Cholesterol is a waxy substance found in cells of the human body. Contrary to what most people think, cholesterol is not always bad. Cholesterol is a sterol and a fat-like substance that plays an essential role in regulating cell signalling to promote effective communication between the cells. Since cholesterol is important, 80% is produced by the body in the liver and intestine. The remaining 20% of cholesterol comes from food we eat.
Cholesterol cannot travel in the bloodstream on its own because it is fat. So, it merges with lipids to form a protein-covered particle called a lipoprotein. Lipoproteins can easily mix with the bloodstream and deliver fat and cholesterol wherever needed.
Cholesterol and lipids flow in different forms to make different types of lipoproteins. There are mainly five types of lipoproteins called Chylomicrons, Very-low-density lipoprotein (VLDL), Intermediate-density lipoprotein (IDL), Low-density lipoprotein (LDL) and High-density lipoprotein. Chylomicrons are formed in the digestive system through the food we eat and deliver fatty acids. VLDL are formed in the liver and deliver fatty acids to tissues. IDL are formed when cells extract fatty acids from VLDL, and the leftovers are either decomposed by the liver or converted into LDL.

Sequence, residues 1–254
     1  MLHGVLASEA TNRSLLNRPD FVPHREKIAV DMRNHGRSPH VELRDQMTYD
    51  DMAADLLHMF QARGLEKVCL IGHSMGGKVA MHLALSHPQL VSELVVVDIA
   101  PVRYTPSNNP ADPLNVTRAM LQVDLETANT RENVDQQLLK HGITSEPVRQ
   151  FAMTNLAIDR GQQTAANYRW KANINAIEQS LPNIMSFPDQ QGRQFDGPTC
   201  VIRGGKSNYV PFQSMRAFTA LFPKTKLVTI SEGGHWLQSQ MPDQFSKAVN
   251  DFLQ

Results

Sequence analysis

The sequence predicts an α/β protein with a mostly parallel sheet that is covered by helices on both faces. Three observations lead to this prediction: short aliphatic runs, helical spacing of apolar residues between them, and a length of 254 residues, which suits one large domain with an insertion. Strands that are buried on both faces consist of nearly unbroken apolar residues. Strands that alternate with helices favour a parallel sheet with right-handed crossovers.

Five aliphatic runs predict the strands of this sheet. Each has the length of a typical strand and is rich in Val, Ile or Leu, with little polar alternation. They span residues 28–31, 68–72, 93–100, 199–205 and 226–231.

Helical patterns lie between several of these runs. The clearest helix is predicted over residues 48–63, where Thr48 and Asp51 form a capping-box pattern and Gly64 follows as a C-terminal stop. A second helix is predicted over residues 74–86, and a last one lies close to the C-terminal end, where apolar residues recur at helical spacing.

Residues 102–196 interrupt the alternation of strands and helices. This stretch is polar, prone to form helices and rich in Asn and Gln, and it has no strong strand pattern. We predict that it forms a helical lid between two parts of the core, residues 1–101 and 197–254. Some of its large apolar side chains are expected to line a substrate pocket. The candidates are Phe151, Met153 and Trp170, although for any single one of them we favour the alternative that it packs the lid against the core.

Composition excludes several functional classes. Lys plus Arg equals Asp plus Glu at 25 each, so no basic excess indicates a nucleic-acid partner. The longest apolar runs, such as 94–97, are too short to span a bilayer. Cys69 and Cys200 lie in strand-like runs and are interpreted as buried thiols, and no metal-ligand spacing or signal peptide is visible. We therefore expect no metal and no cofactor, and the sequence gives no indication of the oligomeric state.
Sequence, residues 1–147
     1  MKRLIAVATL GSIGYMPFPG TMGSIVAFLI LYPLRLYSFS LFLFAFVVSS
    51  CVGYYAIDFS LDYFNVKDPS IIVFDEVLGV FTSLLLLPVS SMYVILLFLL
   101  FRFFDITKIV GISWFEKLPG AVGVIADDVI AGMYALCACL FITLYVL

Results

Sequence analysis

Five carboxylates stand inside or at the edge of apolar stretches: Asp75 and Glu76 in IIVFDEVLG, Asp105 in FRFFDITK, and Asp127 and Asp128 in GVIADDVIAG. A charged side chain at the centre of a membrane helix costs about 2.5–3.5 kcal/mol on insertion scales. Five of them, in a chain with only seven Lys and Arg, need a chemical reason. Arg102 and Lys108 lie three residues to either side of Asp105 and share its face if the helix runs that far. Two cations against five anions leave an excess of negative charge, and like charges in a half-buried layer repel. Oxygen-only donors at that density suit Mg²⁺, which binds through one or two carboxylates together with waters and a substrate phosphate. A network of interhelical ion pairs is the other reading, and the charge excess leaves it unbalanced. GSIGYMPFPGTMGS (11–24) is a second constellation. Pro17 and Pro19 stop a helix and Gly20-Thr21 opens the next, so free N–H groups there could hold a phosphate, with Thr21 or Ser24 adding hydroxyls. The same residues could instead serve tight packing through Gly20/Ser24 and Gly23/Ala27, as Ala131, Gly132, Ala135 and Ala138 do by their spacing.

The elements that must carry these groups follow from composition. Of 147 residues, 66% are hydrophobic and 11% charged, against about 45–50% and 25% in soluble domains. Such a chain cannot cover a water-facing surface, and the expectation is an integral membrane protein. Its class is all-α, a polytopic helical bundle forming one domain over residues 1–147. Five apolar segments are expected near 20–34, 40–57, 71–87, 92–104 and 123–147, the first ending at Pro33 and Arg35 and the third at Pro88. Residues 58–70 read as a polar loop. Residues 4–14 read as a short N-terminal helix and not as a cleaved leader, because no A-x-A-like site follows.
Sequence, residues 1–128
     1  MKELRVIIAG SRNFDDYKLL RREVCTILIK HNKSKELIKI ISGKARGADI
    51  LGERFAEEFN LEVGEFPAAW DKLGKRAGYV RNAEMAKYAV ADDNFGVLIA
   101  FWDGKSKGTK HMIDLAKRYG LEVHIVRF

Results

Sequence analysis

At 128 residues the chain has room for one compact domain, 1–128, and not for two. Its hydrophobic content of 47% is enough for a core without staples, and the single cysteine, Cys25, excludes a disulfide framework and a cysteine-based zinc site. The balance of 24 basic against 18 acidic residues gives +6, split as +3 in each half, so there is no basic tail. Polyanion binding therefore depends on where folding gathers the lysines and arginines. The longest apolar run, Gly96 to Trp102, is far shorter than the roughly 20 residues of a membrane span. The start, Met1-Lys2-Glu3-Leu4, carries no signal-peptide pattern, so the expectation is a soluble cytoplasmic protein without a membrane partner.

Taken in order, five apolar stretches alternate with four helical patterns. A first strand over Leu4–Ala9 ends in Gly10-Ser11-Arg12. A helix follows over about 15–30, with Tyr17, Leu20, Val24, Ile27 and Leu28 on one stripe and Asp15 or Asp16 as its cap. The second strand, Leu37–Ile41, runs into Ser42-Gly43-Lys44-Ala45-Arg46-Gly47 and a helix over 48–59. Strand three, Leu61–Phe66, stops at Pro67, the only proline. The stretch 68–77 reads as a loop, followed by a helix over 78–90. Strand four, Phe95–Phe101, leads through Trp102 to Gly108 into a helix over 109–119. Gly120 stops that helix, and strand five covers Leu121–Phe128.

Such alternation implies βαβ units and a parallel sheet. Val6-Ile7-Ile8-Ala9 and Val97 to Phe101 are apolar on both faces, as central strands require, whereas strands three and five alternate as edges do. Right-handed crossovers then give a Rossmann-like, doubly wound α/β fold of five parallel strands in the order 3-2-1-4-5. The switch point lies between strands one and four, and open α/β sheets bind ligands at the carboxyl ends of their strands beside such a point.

The LDL has earned a reputation as bad cholesterol because it is pure cholesterol that collects in the tissue to form plaque. On the contrary, HDL is considered good cholesterol because it removes cholesterol from the circulation and sends it to the liver.
Cholesterol has been widely studied in the context of Alzheimer’s disease. In the brain, cholesterol is transported through apolipoprotein E (apoE). High cholesterol can induce the accumulation of toxic amyloid plaque – a hallmark condition of Alzheimer’s disease.
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